It's undeniable: We Americans are mighty stressed today—from trying to make the mortgage and save for retirement in this REALLY troubled financial climate…to raising kids and caring for aging parents…and attempting to prepare healthy meals and get enough exercise. That’s why it’s so important to pursue inexpensive activities that can relieve stress—and bring you joy!

That's where the concept of craft to heal comes in: Research shows that having a hobby you love can have mental, physical and spiritual benefits. Performing a hobby, whether it’s taking photographs, gardening, cooking, scrapbooking, quilting or throwing a pot on a wheel, distracts you from your worries and anxieties by making you focus on the here and now. Making a quilt or knitting a sweater brings a sense of peace and connects you with yourself. It gives you the opportunity to think about things, to center yourself and to be quiet and contemplative for a while.

A study sponsored by the National Endowment for the Arts shows that pursuing a hobby can also help stave off the brain fog and loneliness of old age. Trying new things and being creative by singing in a chorale, taking dancing lessons, painting, or doing crossword puzzles or brain teasers prompts our brains to grow dendrites, connective pathways that keep the brain healthy.

To tap into the healing power of hobbies, follow these guidelines:

Match your hobby to your personality. If you’re a detail-oriented person, you might like hobbies that require precision, such as quilting or decorative painting. If you’re more spontaneous and like to make a mess, activities that make you do a lot of measuring will cause frustration rather than relaxation. You might prefer ceramics, gardening or photography.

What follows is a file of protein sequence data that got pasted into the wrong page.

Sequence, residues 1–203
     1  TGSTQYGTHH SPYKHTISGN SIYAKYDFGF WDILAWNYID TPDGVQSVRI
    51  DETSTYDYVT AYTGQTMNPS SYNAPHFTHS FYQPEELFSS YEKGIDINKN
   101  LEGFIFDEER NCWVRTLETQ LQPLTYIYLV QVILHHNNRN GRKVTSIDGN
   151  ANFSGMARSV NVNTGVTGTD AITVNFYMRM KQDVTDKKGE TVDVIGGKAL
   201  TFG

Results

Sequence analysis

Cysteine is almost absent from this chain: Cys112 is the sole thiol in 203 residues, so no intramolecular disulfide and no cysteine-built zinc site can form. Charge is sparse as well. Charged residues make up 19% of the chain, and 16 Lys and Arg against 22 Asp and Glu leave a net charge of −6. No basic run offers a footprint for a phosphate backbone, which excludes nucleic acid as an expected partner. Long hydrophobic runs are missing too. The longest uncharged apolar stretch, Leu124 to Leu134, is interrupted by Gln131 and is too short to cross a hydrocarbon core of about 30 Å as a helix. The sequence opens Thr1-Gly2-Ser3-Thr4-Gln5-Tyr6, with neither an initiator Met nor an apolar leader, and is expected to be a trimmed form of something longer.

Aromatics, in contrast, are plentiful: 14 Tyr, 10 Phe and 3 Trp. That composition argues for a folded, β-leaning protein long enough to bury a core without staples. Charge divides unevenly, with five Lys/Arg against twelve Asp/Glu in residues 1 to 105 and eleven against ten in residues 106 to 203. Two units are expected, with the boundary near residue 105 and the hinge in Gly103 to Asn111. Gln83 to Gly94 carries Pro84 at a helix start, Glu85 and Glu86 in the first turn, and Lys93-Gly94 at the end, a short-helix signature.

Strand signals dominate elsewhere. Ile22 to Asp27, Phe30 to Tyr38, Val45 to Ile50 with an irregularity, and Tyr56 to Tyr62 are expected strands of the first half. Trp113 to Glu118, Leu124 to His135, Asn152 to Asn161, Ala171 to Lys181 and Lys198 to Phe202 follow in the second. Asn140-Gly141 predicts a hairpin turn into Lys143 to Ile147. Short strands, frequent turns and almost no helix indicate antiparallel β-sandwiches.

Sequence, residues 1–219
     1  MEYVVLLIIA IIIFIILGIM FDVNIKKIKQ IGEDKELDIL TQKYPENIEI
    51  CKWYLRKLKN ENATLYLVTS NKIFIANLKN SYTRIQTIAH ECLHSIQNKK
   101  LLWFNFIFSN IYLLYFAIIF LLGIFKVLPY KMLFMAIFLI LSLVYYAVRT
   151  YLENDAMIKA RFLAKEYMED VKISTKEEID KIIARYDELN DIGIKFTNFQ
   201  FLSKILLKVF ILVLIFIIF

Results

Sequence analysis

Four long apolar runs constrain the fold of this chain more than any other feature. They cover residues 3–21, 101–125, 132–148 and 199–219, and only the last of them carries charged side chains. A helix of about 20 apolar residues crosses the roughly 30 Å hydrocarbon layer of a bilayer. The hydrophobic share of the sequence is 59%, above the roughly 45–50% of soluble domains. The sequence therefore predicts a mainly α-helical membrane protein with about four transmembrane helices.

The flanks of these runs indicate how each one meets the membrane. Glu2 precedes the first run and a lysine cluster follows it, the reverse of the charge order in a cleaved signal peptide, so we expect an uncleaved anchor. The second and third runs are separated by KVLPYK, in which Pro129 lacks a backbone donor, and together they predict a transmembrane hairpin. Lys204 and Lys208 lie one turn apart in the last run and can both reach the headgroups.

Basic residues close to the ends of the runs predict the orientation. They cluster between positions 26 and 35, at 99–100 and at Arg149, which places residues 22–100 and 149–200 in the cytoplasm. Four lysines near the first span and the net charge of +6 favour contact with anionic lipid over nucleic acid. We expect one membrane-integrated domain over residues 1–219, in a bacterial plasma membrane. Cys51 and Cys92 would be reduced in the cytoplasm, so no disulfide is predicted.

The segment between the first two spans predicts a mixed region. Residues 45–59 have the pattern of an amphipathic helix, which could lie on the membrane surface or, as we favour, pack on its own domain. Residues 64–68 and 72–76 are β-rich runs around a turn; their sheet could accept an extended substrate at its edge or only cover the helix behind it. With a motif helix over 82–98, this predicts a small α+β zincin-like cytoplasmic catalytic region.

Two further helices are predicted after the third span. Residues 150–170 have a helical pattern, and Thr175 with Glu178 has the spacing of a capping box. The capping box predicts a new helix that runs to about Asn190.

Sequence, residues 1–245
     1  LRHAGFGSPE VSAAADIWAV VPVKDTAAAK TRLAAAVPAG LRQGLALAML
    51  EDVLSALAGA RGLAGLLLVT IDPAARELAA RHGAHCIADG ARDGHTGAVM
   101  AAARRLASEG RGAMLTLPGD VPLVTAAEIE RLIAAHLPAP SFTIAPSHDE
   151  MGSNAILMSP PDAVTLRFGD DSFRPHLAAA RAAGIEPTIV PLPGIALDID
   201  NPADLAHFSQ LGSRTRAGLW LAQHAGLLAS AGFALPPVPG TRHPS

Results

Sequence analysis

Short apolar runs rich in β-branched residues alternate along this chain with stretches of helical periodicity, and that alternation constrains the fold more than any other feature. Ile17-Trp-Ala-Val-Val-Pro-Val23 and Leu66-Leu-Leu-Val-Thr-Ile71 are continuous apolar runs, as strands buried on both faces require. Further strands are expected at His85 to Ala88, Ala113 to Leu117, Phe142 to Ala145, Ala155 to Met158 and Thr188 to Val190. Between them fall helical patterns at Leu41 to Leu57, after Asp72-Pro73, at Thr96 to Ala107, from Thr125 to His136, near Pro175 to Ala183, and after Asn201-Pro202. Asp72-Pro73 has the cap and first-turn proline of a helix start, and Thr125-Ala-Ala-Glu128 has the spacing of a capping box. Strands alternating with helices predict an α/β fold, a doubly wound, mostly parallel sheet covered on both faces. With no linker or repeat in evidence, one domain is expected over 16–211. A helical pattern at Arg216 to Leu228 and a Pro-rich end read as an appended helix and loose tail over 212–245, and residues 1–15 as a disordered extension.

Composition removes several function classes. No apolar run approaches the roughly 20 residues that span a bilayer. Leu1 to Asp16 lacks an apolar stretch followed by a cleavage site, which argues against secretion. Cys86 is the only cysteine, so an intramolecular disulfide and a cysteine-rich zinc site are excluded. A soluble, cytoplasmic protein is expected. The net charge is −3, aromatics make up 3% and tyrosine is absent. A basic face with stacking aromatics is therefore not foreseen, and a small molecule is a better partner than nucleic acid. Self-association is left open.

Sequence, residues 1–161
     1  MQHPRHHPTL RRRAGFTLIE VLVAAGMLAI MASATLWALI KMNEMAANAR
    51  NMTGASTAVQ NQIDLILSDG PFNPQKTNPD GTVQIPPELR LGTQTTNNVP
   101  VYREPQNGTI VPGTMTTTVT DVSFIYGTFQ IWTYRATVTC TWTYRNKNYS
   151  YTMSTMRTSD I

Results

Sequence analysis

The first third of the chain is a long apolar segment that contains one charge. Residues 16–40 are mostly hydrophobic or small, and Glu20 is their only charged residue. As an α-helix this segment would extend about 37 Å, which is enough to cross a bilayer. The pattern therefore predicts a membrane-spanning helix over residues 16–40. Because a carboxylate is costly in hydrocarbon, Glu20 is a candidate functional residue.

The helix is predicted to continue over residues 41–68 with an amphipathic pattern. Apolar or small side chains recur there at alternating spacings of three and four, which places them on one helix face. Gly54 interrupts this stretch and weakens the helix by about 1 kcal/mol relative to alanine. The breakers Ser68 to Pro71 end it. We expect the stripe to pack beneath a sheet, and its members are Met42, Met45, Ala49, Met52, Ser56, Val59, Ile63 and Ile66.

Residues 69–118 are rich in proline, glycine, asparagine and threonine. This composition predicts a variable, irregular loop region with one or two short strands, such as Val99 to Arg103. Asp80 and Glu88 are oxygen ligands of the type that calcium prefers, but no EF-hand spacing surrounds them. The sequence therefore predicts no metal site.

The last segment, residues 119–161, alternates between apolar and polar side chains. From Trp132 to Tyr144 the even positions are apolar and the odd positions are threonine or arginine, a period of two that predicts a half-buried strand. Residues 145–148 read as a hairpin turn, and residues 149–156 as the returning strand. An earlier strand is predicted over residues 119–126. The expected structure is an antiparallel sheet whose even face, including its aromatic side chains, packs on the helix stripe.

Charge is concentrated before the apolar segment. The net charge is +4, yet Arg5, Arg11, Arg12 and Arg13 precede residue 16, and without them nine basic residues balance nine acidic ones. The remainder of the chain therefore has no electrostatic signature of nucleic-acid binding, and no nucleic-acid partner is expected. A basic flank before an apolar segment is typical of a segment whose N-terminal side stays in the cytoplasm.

Try rhythmic and repetitive activities such as knitting or sewing. The act of doing a task over and over again breaks the train of everyday thought and relieves stress by evoking the relaxation response, a feeling of bodily and mentally calm that’s been scientifically proven to enhance health and reduce the risk of heart disease, anxiety and depression.
Make time for your hobby every week, and ideally every day. Experts advise meditating for at least 20 minutes a day, so try to do the same with your hobby to get continuing benefits.

Create a space just for your hobby. Set up a dedicated hobby area in your home, so you can play whenever you have a few moments to spare. If you don’t have a whole room or office to putter in, put your supplies in a basket or the car for easy access.

Take a class or join a club to meet other people. Human beings are social animals and research shows that socializing with others helps release stress. Plus: Life-long learning and having a strong social network are two keys to healthy, happy aging.

Enjoy the process. Many people rush to finish a project, but the fun and the healing benefits are in the process. That’s when you push worry, anger, anxiety and everyday worries out of the way.

Don't be a perfectionist. Give yourself permission to enjoy your hobby without expecting your projects to be masterpieces. If you make your hobby another chore that you have to accomplish perfectly, you’ll lose the therapeutic benefits and the fun.

Don't compare yourself to others. If you’re a beginner, let yourself be a beginner. Persevere with your hobby because you love it, and whether you ever become a master at it or not, it will bring you joy. You don’t even have to finish your projects if you don’t want to. The point isn’t to make a ton of stuff. The point is to find what makes you happy, and what helps to relieve your stress.

Be bold! Pursue your hobby for yourself and yourself alone, and to express yourself. Don’t worry what other people think of your projects. As Mary Tyler Moore was once quoted as saying “What other people think of me is none of my business.”